This shift away from the label “evangelical,” while significant, is not surprising.  As Kevin Christiano and his coauthors note, “change is inherent in religious belief as long as people are practicing a religion.”[14] Smith’s particularizes this insight:
Evangelical approaches to the influence of religion in the public square tend to run in cycles, so the dominant evangelical worldview in one decade may be quite different from that of the previous decade or the decade to come.[15]

While Catalyst and its younger breed of evangelicals seem to have opted to drop the term for the sake of the cause, they nonetheless share the same basic evangelical understanding of the faith and same orientation toward the world, as we will see.
In summary, Catalyst can be understood as a rallying point for a new generation of anonymous evangelicals.  With this established, we will proceed to apply some of the major insights of the work Christian Smith and others on evangelicalism to an understanding of Catalyst’s view of the proper relationship between church and culture.   

The posts in this series include:
The Sociology of Catalyst Pt 1: Anonymous Evangelicalisms Hip New Hub
The Sociology of Catalyst Pt 2: Engaged Orthodoxy and Hipster Christianity
The Sociology of Catalyst Pt 3: The Culture of Cool
The Sociology of Catalyst Pt 4: Hipsters in the Kingdom
The Sociology of Catalyst Pt 5: Trying to Change the World

Related Posts
Click through to my reviews of Christian Smith's American Evangelicalism: Embattled and Thriving and Christian America? What Evangelicals Really Want.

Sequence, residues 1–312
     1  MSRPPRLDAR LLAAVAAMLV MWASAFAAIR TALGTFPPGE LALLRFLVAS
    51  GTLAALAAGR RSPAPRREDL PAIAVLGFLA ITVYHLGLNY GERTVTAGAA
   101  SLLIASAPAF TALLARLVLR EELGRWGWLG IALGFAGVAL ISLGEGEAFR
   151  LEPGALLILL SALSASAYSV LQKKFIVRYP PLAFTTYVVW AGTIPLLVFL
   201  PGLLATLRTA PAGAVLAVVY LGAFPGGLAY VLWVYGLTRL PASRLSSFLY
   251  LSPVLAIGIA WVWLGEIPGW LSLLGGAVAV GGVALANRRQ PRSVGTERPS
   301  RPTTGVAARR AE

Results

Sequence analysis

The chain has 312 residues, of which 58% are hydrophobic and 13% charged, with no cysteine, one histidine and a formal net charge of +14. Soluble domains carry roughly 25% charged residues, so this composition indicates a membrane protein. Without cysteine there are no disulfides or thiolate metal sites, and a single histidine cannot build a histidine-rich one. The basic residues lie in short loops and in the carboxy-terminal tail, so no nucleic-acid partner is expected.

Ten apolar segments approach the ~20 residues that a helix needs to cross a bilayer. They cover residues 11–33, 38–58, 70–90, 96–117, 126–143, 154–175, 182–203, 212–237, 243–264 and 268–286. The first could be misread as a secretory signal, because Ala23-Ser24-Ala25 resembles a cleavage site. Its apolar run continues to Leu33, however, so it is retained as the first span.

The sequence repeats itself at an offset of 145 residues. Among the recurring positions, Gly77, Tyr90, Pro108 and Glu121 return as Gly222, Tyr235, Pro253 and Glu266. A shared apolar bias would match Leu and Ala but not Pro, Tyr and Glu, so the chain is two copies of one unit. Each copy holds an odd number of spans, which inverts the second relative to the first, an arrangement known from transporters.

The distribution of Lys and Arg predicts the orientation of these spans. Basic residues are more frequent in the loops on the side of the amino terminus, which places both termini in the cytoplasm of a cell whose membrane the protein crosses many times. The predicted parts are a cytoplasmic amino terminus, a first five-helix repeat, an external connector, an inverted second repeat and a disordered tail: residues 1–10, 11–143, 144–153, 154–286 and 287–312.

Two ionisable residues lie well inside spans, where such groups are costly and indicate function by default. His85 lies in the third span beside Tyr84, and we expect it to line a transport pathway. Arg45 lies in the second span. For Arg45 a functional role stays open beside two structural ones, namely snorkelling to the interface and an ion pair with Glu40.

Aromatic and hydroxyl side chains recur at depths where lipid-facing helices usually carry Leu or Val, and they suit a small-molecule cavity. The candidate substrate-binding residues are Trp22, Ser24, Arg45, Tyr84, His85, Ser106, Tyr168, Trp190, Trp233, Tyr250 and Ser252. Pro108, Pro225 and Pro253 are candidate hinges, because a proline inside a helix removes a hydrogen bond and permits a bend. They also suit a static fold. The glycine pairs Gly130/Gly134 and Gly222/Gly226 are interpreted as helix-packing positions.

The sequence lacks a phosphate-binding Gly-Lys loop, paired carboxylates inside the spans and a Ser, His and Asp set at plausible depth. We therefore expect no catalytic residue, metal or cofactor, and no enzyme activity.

Works Cited
Berger, Peter. “Epistemological Modesty: An Interview with Peter Berger.” Christian Century 114: 972-75, 978. 1997. 
Christiano, Kevin J., William H. Swatos Jr., and Peter Kivisto. Sociology of Religion: Contemporary Developments. Second Edition. Lanham: Rowman and Little Field Publishers, Inc., 2008 
Griel, Arthur L., and David R. Rudy. “Social Cocoons: Encapsulation and Identity Transformation Organizations.” Sociological Inquiry 54: 260-78. 1984.
Kandell, Steven. “How Looking Poor Became the New Status Symbol.” Details, May 2009. 

Kimball, Dan. They Like Jesus but Not the Church: Insights from Emerging Generations. Grand Rapids, MI: Zondervan Publishing, 2007.
Kinnaman, David and Gabe Lyons. UnChristian: What a New Generation Really Thinks about Christianity…and Why it Matters. Grand Rapids, MI: Baker Books, 1997.

Lyons, Gabe. The Next Christians: The Good News About the End of Christian America. New York, NY: Doubleday, 2010.
McCracken, Brett. Hipster Christianity: When Church and Cool Collide. Grand Rapids, MI: Baker Books, 2010.
Smith, Christian and Michael Emerson. Divided by Faith: Evangelical Religion and the Problem of Race in America. Oxford, UK: Oxford University Press, 2000.
Smith, Christian. American Evangelicalism: Embattled and Thriving. Chicago, IL: University of Chicago Press, 1998.